If you haven’t visited Hilery Williams’ rather wonderful Blog, ‘The Woods Would Be Very Silent If No Birds Sang There except Those That Sang Best’ please go and do so, you will love it. I read her post on ‘Inanimate Alice’ the other day – we are both teaching ‘Alice’ at the same time but to different groups of kids – and was moved by the honesty of the kids’ responses. A dyslexia specialist, Hilery tells of her students who say they ‘cannae read’. A cry that teachers all over the word will recognise in one accent or another. Whether they can or ‘cannae’ read is one thing but for me the fact that our education system has allowed any of our children to believe that they cannot read is tragic and heart-breaking. And it happens all the time. All educators should be doing something about this. Reading is too important to allow some kids to miss out.
This lead me to trawl through some old notes I’d made while reading Rafe Esquith’s ‘Teach Like Your Hair’s On Fire’. (Viking, 2007) He says: ‘Powerful forces of mediocrity have combined to prevent perfectly competent children from learning to love reading.’ (p.31) He goes on: ‘Reading is not a subject. Reading is a foundation of life, an activity that people who are engaged with the world do all the time.’ (p.33)
You may or may not agree with both of those comments but the second one would be difficult to dispute.
Coincidentally, I had been listening to 10,000 Maniacs’ glorious album ‘In My Tribe’ the other night, for the first time in years. I remember falling in love with Natalie Merchant’s voice as I played it and played it and played it back in the days of vinyl.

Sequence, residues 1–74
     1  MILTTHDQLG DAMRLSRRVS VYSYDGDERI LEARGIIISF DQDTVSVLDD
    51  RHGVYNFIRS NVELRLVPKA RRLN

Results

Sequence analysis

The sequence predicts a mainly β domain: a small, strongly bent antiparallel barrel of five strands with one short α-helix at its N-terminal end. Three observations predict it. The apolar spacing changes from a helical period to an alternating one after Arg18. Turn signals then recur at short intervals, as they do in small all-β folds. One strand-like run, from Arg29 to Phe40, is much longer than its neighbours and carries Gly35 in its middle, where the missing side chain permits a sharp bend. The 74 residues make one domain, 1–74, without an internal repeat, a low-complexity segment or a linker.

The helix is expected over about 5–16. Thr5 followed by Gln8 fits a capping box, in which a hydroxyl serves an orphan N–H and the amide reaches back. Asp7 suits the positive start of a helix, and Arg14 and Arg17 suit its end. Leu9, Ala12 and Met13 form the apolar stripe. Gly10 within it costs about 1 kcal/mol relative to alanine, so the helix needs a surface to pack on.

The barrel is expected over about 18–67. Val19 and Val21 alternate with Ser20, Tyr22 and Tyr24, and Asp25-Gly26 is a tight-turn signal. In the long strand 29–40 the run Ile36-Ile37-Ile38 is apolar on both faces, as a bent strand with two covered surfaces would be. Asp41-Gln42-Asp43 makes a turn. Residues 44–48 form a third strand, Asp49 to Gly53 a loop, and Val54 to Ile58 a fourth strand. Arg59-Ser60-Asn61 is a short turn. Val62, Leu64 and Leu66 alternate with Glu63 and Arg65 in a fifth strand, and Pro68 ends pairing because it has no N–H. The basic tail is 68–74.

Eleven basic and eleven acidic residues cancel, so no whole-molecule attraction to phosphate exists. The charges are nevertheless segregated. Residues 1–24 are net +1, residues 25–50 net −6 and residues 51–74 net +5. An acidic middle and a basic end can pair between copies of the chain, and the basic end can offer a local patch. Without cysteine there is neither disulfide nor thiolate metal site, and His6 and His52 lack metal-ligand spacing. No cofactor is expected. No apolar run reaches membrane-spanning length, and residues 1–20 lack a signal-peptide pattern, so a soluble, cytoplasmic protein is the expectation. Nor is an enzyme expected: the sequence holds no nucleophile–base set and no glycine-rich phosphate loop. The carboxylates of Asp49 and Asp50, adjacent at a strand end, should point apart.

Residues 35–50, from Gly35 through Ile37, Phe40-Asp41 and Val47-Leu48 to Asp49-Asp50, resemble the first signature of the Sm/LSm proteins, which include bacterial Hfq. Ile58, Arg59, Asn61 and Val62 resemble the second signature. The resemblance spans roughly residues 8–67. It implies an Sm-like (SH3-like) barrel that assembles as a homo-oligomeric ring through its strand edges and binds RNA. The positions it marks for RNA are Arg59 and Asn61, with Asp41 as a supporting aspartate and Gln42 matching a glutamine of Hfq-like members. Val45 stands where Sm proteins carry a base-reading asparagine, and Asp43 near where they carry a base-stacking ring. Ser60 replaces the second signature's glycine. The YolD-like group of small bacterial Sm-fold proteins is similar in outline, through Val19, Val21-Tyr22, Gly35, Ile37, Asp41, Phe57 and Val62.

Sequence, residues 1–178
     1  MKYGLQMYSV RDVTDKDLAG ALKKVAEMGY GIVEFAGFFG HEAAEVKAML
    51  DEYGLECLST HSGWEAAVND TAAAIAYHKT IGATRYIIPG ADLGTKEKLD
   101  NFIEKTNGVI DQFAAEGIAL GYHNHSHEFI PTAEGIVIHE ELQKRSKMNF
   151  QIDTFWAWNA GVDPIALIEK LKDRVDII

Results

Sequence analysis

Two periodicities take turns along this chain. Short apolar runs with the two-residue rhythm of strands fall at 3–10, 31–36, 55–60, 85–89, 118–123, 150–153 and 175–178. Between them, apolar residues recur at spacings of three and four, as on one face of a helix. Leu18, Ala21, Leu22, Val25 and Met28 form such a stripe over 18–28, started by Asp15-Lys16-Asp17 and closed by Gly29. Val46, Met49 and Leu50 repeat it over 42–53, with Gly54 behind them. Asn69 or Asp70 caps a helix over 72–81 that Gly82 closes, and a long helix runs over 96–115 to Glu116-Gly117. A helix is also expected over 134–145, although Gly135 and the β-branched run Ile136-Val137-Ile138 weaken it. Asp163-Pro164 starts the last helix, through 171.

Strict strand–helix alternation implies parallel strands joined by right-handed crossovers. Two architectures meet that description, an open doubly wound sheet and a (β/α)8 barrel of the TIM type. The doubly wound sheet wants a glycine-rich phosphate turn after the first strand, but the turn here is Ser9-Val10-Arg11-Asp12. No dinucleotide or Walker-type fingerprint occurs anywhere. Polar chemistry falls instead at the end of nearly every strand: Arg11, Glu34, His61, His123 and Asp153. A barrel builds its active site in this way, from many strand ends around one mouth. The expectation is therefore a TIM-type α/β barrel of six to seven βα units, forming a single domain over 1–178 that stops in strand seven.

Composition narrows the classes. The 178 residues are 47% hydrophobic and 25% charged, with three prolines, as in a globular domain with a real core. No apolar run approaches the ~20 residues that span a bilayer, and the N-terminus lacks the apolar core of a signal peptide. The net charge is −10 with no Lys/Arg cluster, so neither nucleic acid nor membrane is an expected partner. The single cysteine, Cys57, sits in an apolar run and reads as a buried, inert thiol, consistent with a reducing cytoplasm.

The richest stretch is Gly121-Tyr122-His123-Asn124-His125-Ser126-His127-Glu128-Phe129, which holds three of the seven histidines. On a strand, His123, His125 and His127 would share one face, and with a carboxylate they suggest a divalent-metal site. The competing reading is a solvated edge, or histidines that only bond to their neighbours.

I was still at least ten years away from becoming an English Teacher but, even then, the song ‘The Cherry Tree’ resonated. I was a huge reader even then – before my mature student, University days, and was working in a series of terrible, uninspiring jobs. But I knew, as I threw paperbacks over my shoulder – having read them of course – that reading would play a fundamental role in my life.
‘For all those lines and circles, to me a mystery’, sings Natalie Merchant in the guise of an illiterate narrator. How many confused, terrified kids have looked at a page in my classroom and thought that? I have no idea; and that shocks me. So, tomorrow, I go back into my class and try harder. Reading saved my life. It provided an escape from a life of drudgery. It provided, and still provides, solace from a world of stress and occasional distress. As an English Teacher, who am I to deny that experience to any child in my care? I’m just trying to be better than I was yesterday. Join me.
The Cherry Tree
(Robert Buck/ Natalie Merchant)